Obesity has always been around each generation, but today’s youth is seeing a dramatic uptick. For many children, they spend more time sitting than staying active, resulting in poor health. Keeping your children active and engaged is more important than ever, though, to help combat any negative effects of today’s pastimes. 

How Obesity Begins

Some families and their medical backgrounds may make them more pre-disposed to obesity and weight issues, and that’s not what we are trying to impact here. For the majority of children, though, they are simply not moving around as much as they used to. On average, a child spends about 900 hours a year in school, which is mostly sitting in classes. Most schools don’t offer much in the ways of physical education either, unless your child is actively signing up for sports and other extracurricular, physical activities. 

The average child also watches about 1500 hours of TV, amounting to even more sitting. These compound to very little movement overall, except for maybe some hand-eye coordination. Kids aren’t staying regularly active, and may also be eating more processed or sugary foods as well. All these factors create a high risk of obesity. It has been found that by the time a child reaches 4 years old, one in every five of them will be obese. 

How To Keep Your Kids Active

Obviously, if you know there are a lot of sugary or processed foods at home, you can make it a job of the entire household to try and eat healthier. You can always start small and introduce more whole foods every week. Instead of highly processed granola bars from the grocery store, try making your own! These recipes will have more fruits and whole grains, and less sugar. Buy more fruits and veggies and incorporate them into your dinners as much as you can.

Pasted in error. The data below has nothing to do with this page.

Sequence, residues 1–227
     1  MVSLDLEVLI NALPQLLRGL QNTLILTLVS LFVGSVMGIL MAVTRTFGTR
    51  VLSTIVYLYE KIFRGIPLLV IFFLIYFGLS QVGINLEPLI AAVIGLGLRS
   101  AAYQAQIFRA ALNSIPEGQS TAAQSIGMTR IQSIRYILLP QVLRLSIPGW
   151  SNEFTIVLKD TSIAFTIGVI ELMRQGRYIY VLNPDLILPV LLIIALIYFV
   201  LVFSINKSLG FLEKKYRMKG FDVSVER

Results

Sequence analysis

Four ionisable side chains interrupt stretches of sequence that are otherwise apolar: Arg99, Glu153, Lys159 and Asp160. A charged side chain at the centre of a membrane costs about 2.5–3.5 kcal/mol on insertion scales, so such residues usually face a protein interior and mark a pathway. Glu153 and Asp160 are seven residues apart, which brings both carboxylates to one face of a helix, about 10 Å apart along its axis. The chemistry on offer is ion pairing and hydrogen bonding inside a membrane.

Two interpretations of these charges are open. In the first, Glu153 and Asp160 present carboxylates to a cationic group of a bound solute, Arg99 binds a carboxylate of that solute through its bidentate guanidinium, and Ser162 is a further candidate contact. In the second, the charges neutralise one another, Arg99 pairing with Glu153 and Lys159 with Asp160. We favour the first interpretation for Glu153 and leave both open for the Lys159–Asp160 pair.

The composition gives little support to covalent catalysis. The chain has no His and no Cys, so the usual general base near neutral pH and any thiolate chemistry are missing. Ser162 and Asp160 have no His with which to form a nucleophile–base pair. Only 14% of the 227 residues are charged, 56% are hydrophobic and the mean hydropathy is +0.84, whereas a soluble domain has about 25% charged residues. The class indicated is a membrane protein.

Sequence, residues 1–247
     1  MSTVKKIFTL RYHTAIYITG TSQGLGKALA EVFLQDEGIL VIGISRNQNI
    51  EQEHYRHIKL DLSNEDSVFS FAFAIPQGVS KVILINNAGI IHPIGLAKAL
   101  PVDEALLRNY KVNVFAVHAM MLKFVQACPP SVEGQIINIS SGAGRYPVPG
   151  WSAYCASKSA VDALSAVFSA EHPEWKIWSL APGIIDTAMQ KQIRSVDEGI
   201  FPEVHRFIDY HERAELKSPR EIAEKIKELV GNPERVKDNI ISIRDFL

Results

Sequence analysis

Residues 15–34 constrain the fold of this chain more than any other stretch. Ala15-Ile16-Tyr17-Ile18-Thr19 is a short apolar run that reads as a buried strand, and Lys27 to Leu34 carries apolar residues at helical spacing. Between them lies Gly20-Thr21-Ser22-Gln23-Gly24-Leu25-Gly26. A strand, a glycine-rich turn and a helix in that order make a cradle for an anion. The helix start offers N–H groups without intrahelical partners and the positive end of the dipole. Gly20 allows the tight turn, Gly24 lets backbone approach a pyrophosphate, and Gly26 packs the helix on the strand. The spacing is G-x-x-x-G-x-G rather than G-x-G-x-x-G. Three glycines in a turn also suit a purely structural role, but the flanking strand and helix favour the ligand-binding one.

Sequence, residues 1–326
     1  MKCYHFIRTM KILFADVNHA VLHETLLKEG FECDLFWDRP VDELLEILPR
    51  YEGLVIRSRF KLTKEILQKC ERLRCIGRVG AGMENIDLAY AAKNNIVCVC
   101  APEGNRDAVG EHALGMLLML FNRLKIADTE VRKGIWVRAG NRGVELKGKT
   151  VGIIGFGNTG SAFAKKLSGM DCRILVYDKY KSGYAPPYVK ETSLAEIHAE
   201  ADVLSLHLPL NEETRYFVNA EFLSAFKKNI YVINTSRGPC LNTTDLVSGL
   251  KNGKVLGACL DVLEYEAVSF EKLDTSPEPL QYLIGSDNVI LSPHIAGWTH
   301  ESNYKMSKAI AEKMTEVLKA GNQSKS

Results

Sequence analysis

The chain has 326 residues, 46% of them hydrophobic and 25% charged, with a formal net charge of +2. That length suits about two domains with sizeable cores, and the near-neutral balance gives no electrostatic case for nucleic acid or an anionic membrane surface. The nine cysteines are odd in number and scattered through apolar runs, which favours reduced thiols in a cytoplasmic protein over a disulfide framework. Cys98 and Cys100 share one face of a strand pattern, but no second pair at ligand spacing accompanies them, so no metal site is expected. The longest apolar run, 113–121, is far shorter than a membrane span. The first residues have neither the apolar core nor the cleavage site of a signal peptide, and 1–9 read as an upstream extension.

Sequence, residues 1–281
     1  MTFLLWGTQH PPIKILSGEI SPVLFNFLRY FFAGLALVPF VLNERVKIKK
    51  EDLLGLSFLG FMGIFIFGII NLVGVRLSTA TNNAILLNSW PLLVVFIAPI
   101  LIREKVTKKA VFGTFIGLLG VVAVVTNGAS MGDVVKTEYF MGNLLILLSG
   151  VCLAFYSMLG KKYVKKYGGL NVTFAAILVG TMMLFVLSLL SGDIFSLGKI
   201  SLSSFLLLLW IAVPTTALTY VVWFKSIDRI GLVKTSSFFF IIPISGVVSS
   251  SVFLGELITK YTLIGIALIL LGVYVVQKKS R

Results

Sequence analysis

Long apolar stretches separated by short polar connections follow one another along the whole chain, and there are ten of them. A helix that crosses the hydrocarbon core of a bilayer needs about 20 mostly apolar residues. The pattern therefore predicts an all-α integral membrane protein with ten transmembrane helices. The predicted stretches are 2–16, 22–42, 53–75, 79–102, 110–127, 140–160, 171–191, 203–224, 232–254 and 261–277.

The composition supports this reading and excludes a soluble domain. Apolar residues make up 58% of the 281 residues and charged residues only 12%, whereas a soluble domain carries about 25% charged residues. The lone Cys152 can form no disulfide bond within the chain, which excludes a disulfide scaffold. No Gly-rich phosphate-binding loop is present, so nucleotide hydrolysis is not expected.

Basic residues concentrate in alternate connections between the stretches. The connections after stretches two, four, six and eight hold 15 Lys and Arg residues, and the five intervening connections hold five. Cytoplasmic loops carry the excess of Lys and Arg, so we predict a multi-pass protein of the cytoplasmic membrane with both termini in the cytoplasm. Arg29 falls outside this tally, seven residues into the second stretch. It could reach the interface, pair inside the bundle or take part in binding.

To keep your kids active, a huge factor is limiting how much TV and game time they have each day, or week. Again, if your kids are having a hard time adjusting, do it slowly and remind them of the overall benefits. It can be hard for younger children to see the bigger picture in these types of scenarios, but be persistent. Instead of more devices and games, read a book together, go for a walk, or even pick up a hobby that revolves around movement, such as a dance class. Your children will broaden their horizons while also getting the exercise they truly need!

Katie Kyzivat